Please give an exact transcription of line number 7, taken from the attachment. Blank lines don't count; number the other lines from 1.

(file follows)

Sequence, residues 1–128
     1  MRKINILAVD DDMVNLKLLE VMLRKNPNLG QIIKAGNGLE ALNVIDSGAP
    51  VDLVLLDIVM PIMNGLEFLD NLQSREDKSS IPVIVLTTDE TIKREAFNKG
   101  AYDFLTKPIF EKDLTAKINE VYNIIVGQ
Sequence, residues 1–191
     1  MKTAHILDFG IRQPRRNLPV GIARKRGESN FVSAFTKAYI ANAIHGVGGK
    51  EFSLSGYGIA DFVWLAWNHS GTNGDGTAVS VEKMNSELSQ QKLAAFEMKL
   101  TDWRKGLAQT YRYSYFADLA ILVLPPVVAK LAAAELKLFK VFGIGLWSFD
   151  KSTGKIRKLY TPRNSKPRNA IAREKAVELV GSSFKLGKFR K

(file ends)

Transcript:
    51  EFSLSGYGIA DFVWLAWNHS GTNGDGTAVS VEKMNSELSQ QKLAAFEMKL